Why laughing at work can help us be more productive

Why laughing at work can help us be more productive


When you talk to your colleagues do you feel like you’re wasting time you should spend working?

Could laughter be a way to build a stronger and more creative team culture at work?

Maybe many of us feel that laughing in the office could send a signal that we are not busy enough.

Discussions that could previously have been done in person, on a colleague’s desk, are increasingly done by email or instant messaging programs.

In that context, the chatter of the office may seem unnecessary.

But, what if laughing together is something that improves collaboration in team and stimulates innovation ?

Funny science

But first, what is laughter?

In the last two decades, probably the greatest work on this is that of the American neuroscientist Robert Provine, professor of Psychology at the University of Maryland, in Baltimore, in the northeastern United States.

Colleagues laughing.
Copyright of the GETTY IMAGES image
Image caption Studies show that laughing with colleagues can help increase creativity.


In his book Laughter: A Scientific Investigation (Laughter: a scientific investigation), he says that “laughter is the human social signal par excellence”.

Provine discovered that we are 30 times more likely to laugh when we are with other people than when we are alone.

According to him, “we tend to overlook the fact that laughter evolved due to its effect on others, not to improve our mood or our health.”

According to Provine’s work, we usually laugh as a result of quite mundane office conversations, but they end up being moments of connection with colleagues .

Laughter is a subconscious signal that we are in a state of relaxation and security, says Professor Sophie Scott, University College London (UCL), United Kingdom.

For example, many mammals show reactions similar to laughter, but these can be stopped because of certain emotional states.

A rat.
Copyright of the GETTY IMAGES image
Image caption Rats stop laughing when they feel anxious.


“Rats stop laughing if they feel anxious,” says Scott. “Humans do the same thing – if people laugh, it’s a sign that they’re not in a state of anxiety, it’s a sign that the group is functioning well.”

In other words, if the members of a group laugh at the same time, it means that they have lowered their guard .

This is important because there is research that suggests that when our brains are relaxed, we more easily achieve the free association of ideas, which can lead to creativity.

Spark of inspiration

John Kounios, of Drexel University, in Pennsylvania, and Mark Beeman, of Northwestern University, in Illinois, did an experiment to see if laughter helped people solve complicated puzzles.

The researchers showed Robin Williams comedy routines to a group of people and then raised the riddles.

They were interested to see if laughter facilitated inspiration in the superior anterior temporal gyrus (part of the brain located above the right ear that is associated with the connection of distant ideas).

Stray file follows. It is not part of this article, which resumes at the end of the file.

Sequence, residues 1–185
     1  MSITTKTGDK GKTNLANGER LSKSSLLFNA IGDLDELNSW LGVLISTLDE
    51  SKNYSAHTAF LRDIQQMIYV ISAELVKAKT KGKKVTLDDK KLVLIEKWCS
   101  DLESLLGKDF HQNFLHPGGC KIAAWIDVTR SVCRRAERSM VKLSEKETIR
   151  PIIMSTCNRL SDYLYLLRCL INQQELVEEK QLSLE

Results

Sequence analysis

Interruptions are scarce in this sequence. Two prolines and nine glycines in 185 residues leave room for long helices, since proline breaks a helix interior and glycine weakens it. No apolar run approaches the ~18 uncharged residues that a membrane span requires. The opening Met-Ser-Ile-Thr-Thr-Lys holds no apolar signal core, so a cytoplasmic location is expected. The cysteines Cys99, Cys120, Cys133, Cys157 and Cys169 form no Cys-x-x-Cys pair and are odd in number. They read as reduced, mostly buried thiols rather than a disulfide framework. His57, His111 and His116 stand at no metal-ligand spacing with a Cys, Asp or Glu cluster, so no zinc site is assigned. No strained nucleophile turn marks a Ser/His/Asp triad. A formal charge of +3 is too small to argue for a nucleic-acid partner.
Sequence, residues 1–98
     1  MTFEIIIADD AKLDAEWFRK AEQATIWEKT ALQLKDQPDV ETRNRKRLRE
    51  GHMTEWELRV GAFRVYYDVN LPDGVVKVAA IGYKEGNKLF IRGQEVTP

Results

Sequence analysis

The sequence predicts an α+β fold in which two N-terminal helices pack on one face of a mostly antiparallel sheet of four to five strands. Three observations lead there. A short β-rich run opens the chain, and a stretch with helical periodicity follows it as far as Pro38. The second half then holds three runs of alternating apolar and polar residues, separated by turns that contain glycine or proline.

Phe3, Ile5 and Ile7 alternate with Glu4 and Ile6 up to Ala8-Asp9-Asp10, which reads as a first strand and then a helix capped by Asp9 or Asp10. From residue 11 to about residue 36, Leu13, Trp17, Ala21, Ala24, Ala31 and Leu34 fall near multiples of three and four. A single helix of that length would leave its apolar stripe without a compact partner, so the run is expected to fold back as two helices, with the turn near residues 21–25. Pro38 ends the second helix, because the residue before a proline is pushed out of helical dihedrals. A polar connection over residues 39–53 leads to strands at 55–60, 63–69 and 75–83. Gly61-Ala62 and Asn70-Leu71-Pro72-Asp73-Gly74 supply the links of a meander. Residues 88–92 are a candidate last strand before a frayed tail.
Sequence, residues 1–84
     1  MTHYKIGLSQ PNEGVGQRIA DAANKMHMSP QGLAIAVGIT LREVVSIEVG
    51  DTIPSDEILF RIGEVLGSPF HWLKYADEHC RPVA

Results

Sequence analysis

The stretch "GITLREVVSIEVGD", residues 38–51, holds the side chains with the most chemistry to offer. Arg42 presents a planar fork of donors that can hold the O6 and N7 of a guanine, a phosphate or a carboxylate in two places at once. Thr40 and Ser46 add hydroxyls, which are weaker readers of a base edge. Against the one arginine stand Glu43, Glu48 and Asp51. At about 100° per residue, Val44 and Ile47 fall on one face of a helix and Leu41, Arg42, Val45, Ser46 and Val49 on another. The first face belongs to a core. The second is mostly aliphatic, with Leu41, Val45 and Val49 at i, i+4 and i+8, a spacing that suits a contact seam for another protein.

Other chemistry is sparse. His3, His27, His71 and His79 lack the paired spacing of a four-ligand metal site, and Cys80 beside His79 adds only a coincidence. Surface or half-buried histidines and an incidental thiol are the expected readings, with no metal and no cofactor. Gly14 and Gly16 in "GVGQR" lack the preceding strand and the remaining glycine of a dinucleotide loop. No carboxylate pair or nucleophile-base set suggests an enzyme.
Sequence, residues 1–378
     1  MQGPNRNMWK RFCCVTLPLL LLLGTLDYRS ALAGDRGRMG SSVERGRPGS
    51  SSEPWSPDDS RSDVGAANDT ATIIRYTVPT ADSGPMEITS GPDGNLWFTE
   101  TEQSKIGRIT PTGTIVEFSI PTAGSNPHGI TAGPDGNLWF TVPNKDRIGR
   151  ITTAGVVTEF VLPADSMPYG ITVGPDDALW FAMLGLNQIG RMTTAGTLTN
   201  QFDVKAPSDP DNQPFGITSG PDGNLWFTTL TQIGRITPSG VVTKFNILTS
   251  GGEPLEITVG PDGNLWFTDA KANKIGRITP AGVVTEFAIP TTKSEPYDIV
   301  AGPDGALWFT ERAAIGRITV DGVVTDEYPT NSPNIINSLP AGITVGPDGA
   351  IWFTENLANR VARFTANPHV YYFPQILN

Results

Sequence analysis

Robin Williams
Copyright of the GETTY IMAGES imageImage caption A group of people participating in a study solved riddles better after watching a comedy routine by Robin Williams.


It was shown that a brief laugh at a comedy routine increased the solution of riddles by 20%.

Beeman and Kounios say that this apparent lack of concentration with which it is linked to laughter seems to allow our minds to connect concepts in a way that rigid concentration does not achieve.

Maybe laughter only helps us eliminate stress from our workplaces.

Teresa Amabile, a professor at Harvard, USA, has spent 40 years trying to understand when we are most creative.

His observations agree that a positive work environment is more creative than a stressful one.

Stress is the enemy of inventiveness. In a well-known investigation, Amabile affirms that “when creativity is threatened with death, it usually ends up murdered”.

“Predisposed to laughter”

Laughter makes us feel more united as a team and, as a consequence, our creative barriers collapse and we generate ideas.

Two men smiling
Copyright of the GETTY IMAGES imageImage caption Laughing with our colleagues helps us relax and be more “inspired”.


To achieve this, Provine suggests that we try to adopt an “attitude of predisposition to laughter.”

“You can voluntarily choose to lower your threshold of fun and laugh more, just stay prepared and ready to laugh,” he recommends.

Alex Pentland, a professor at the Massachusetts Institute of Technology, USA, is clear that the modern office owes most of its productivity to older forms of interaction.

In a 2014 talk Google, he said “email has little to do with productivity or creativity  .

But “the conversation can depend on 30 and sometimes 40% of productivity in the work groups,” he said.

The idea of ​​prioritizing chat and laughter in a team may seem superfluous and trivial to some.

But remember that science is on your side and, perhaps, the next time you laugh, inspiration appears.

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Rava Desk

Rava is an online news portal providing recent news, editorials, opinions and advice on day to day happenings in Pakistan.


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